Cosmetic Surgery Tips

Pus coming out of tummy tuck incision

Infection is always a potential risk after any type of surgery, and plastic surgery is no exception. Even though many plastic surgeries are done to change or enhance some aspect of a person’s appearance, rather than for medical reasons, such procedures still involve making incisions in the skin. Because the skin provides a natural barrier against bacteria that can cause infection, any opening in the skin can leave the door wide open for unwanted bugs.

Post-Plastic Surgery Infections

An infection that takes hold after surgery can cause a person to become very ill. In the case of plastic surgery, it also can have an enormous impact on the final outcome—how you look afterward. If an incision becomes infected, for example, it may not heal properly, leaving an unsightly scar—not exactly what you’re looking for after a procedure meant to enhance your appearance.

Sometimes an infection after a procedure such as a tummy tuck requires an incision to be reopened in order to drain pus or infected fluid, again creating a more noticeable and unsightly scar. And in the case of a surgery that involves an implant, such as breast augmentation or chin augmentation, if an infection manages to spread from the incision to the implant, the implant may have to be removed. Most doctors will wait three to six months before trying to place a new implant.

Pre-Op Precautions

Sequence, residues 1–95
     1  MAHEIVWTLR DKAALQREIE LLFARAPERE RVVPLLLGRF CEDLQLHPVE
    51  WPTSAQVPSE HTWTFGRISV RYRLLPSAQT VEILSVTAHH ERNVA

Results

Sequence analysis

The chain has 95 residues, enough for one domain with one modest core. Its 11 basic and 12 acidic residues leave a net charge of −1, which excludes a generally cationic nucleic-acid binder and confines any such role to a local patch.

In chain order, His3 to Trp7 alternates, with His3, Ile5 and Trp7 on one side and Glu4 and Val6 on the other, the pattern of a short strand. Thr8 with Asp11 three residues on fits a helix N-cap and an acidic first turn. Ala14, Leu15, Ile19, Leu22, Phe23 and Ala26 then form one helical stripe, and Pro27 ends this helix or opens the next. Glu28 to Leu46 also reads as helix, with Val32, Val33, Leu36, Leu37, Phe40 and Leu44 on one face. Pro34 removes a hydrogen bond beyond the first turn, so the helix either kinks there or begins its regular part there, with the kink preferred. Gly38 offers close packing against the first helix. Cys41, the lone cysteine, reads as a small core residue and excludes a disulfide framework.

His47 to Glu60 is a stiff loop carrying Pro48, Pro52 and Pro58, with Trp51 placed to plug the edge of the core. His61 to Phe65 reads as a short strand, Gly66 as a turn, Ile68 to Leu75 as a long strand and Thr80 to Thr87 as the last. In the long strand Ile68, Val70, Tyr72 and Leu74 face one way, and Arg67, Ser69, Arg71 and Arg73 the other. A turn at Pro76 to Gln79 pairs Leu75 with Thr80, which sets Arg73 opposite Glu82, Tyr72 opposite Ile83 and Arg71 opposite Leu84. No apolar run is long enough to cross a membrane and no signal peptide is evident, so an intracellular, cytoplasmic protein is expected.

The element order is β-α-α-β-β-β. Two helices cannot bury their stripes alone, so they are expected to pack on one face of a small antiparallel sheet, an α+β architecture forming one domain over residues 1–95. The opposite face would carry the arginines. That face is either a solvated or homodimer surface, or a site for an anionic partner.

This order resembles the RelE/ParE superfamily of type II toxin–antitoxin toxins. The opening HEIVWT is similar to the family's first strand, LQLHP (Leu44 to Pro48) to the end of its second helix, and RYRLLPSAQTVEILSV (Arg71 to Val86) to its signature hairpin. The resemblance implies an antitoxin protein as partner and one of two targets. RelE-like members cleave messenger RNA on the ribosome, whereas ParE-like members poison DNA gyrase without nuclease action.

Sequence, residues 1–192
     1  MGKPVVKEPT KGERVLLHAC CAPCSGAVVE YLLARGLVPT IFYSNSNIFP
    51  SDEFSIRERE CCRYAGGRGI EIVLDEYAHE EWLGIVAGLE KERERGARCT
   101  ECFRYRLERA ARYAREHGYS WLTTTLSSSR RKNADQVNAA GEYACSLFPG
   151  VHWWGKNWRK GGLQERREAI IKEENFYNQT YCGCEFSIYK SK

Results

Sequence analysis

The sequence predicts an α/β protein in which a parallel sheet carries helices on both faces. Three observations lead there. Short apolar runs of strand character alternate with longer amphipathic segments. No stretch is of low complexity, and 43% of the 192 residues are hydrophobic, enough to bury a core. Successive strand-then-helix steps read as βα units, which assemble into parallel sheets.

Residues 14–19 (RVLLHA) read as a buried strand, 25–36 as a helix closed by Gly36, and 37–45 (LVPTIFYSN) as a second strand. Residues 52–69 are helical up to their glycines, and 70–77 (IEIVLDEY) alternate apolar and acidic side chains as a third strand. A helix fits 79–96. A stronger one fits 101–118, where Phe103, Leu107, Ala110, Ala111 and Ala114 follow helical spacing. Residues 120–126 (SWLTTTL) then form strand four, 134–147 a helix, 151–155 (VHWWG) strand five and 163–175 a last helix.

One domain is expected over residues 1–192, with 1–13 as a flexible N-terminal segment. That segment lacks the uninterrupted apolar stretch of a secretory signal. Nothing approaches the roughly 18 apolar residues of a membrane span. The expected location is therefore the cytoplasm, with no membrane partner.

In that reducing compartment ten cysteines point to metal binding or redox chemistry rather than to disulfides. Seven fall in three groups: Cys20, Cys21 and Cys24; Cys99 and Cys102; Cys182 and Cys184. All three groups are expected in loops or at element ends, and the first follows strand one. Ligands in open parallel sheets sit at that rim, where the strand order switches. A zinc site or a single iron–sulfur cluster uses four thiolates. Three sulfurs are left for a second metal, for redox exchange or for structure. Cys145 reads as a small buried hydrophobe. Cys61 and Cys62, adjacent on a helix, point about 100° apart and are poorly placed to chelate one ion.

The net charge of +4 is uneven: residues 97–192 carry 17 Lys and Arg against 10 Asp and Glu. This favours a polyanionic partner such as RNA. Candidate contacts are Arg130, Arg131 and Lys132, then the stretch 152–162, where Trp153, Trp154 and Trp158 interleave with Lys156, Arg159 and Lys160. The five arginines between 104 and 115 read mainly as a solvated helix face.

Preventing infection after plastic surgery actually starts before a surgeon makes the first cut. The room you’ll have your surgery in will be cleaned and sterilized, the doctor and staff will be dressed in proper surgical attire (scrubs, gloves, face masks), the area of your body to be operated on will be prepped with an antiseptic—all part of what’s called aseptic technique.

If despite these infection-preventive practices bacteria still find their way into an incision, it’s likely not a problem: In the majority of cases, the body’s own defense mechanisms will step in and destroy the invaders before they can settle in and multiply.

Overall, the risk of infection after plastic surgery for most people is very low—about 1 percent.

Some folks are more susceptible than others, including those who have diabetes, smoke, take steroids, or have certain vascular conditions. The longer a procedure takes the higher the risk of infection as well.

What You Can Do to Avoid Infection

This doesn’t mean if you’re planning to have plastic surgery there’s nothing you need to do to help protect yourself from infection. Start by making sure the doctor you work with is fully qualified and experienced. The American Society of Plastic Surgeons (ASPS) advises looking for a plastic surgeon who’s board-certified.

Your plastic surgeon will have specific instructions for how you should prepare for your procedure. Follow them! If you smoke and you’re advised to quit, for example, do it. The healthier you are going into surgery, the better able your immune system will be able to kick in if necessary.

Pus coming out of tummy tuck incision

My primary concern when operating is patient safety. Nevertheless all surgery carries the risk of complications. However, this risk is low. Complications tend to be rare and most complications are minor and resolve without the need for further surgery. If complications occur then I will manage the treatment of them.